My hope is that IBM is able to act kind of as a "PE" (private equity) owner for RHT and shield them from the public market as they transform into a new company with a new business model, fit for the cloud era. That would be the best thing IBM can do. If that is successful, then they'll get the benefit of that public perception. If they are not successful, then it won’t matter anyway.
ADM: Will we continue to see the future of hybrid clouds include open-source offerings? Please explain.
Sacha: The future of any infrastructure will continue to be strongly rooted in open source: this is simply the best development methodology in terms of costs (including the benefit of standardization across an industry, i.e. you have one solution to develop against, which is much more efficient) performance and quality.
ADM: What do you see as the future of open source?
Sacha: Open Source is going through a continuous transformation. 20 years ago, Open Core models didn't really exist and were considered by many as "evil" to Open Source. Now they are the new normal. The two big challenges we are currently observing are i) the impact of a few massive cloud players and their impact on the current Open Source models and ii) Open Core business models were vendors are strictly controlling the code repository and what goes into it. One on the first topic, we already see organizations like Google and AWS strongly differentiate on their approach - with Google positioning itself as being very FOSS-friendly, including with companies backing those projects. On the second topic, we have seen some companies (such as Docker) suffer tough PR campaigns against their control of the codebase, while some other companies (such as GitLab and Hashicorp), have been able to fly under the radar pretty smoothly until now. It will be interesting to see how those two types of challenges ultimately get considered by the market. To be clear, I find those challenges and transitions totally normal to the life of a movement, and Open Source doesn't escape this rule. If anything, Open Source has been extremely adaptable and I predict a great feature to Open Source, whatever its ecosystem might end up being shaped like.
ADM: What do you think will be next for the future of the open hybrid cloud?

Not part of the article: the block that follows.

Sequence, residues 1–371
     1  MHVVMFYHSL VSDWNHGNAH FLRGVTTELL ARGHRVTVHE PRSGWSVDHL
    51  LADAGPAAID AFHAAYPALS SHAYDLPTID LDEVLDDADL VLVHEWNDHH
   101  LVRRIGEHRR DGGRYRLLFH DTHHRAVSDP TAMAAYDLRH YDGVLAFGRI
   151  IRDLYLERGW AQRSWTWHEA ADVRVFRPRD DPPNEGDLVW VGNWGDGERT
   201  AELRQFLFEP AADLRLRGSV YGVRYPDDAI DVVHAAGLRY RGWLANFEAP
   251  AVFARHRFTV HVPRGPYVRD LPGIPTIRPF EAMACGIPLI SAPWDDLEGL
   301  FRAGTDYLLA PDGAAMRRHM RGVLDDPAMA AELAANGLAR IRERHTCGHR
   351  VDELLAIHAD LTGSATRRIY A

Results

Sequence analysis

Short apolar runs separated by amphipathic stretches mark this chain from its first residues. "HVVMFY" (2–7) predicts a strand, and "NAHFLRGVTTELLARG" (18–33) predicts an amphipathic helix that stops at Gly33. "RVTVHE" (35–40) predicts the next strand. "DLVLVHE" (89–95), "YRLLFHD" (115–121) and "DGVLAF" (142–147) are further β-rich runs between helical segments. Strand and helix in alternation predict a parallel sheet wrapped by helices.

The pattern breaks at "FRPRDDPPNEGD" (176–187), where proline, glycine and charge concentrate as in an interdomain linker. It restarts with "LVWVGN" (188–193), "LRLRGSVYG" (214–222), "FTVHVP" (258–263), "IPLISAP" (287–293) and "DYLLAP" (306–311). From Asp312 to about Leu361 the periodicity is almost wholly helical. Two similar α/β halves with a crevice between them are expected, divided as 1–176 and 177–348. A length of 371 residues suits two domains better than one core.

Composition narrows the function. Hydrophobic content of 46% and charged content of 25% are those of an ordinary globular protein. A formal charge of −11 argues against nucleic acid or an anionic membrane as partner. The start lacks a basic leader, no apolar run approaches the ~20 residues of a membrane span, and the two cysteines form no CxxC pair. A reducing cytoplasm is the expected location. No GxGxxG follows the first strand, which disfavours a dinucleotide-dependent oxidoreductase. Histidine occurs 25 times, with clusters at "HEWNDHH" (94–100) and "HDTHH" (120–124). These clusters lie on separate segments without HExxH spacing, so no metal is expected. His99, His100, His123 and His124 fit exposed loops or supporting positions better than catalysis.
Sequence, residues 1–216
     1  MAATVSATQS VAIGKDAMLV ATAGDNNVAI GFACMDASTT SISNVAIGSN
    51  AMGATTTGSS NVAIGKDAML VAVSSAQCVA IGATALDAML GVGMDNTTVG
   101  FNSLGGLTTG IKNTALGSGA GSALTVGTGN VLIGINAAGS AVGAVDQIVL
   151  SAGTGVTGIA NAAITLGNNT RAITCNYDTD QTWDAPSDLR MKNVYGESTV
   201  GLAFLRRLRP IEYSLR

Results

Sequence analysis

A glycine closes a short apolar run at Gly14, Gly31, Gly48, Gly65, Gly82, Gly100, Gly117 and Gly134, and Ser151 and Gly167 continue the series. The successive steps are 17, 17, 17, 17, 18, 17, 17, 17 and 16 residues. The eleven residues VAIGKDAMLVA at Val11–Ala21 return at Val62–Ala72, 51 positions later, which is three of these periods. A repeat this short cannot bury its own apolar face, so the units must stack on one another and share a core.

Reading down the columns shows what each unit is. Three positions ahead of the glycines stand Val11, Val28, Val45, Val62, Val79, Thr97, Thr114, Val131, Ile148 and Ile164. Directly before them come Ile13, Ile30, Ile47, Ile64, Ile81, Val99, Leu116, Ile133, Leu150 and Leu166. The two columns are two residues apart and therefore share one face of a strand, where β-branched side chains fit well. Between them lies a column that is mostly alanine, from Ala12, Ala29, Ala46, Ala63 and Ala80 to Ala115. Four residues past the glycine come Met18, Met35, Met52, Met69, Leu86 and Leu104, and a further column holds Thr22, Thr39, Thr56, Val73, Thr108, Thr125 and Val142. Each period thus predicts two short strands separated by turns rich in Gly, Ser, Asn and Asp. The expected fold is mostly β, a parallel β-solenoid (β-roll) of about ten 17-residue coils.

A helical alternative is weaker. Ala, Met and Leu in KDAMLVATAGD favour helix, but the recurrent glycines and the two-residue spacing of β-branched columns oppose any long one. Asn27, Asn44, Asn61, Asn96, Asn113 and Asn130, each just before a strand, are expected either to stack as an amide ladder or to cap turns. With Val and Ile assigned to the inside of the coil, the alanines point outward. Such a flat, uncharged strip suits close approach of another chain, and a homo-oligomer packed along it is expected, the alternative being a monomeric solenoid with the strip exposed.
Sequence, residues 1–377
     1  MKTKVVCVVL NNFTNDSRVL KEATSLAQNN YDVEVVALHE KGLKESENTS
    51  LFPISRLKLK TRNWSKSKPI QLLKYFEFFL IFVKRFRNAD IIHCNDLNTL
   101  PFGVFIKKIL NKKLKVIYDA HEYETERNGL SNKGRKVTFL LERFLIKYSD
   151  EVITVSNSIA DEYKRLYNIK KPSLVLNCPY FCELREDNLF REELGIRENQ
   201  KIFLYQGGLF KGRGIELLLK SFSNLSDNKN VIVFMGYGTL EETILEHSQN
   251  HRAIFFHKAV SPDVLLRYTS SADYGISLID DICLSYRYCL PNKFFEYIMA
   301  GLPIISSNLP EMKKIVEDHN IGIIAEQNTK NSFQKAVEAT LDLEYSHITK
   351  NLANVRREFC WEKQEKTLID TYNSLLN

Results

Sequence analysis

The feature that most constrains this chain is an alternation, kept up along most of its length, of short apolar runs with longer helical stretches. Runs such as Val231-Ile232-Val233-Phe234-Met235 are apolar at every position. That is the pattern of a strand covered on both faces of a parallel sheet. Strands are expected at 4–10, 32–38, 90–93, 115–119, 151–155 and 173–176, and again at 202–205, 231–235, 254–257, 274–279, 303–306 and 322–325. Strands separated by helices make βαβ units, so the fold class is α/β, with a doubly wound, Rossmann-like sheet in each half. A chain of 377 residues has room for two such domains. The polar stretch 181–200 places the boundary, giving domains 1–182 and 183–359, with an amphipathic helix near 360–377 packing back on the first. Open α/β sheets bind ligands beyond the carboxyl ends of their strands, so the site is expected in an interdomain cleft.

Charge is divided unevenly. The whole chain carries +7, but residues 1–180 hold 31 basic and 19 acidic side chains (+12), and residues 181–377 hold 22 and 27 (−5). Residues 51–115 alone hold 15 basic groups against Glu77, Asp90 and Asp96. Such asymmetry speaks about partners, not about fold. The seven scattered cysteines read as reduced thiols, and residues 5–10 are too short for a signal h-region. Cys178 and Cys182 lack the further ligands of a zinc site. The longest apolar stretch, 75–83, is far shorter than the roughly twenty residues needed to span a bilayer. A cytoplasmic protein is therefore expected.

Sacha: We are facing a Copernican revolution. A few years ago, as the public cloud was starting to be adopted, private cloud and the datacenter were kings and public clouds were satellites where you were bursting specific workloads. This is currently drastically changing. Public clouds are the new kings and private clouds/data centers are becoming the satellites. They are both hybrid architectures in some way, but the speed of change of the second approach is radically different. Open source is at the core of enabling this, thanks to Kubernetes being a great vector enabling that Copernican revolution.
About Sacha Labourey
Sacha was born in Neuchâtel, Switzerland and graduated in 1999 from EPFL. It was during Sacha's studies at EPFL that he started his first consulting business - Cogito Informatique. In 2001, he joined Marc Fleury's JBoss project as a core contributor and implemented JBoss' original clustering features. In 2003, Sacha founded the European headquarters for JBoss and, as GM for Europe, led the strategy and partnerships that helped fuel the company's growth in that region. While in this position, he led the recruitment of some of JBoss' key talent and acquisition of key technology. In 2005, he was appointed CTO of JBoss, Inc. and oversaw all of JBoss engineering. In June 2006, JBoss, Inc. was acquired by Red Hat (NYSE: RHT). After the acquisition, Sacha remained JBoss CTO and played a crucial role in integrating and productizing JBoss software with Red Hat offerings. In 2007, Sacha became co-General Manager of Red Hat's middleware division. He ultimately left Red Hat and founded CloudBees in April 2010.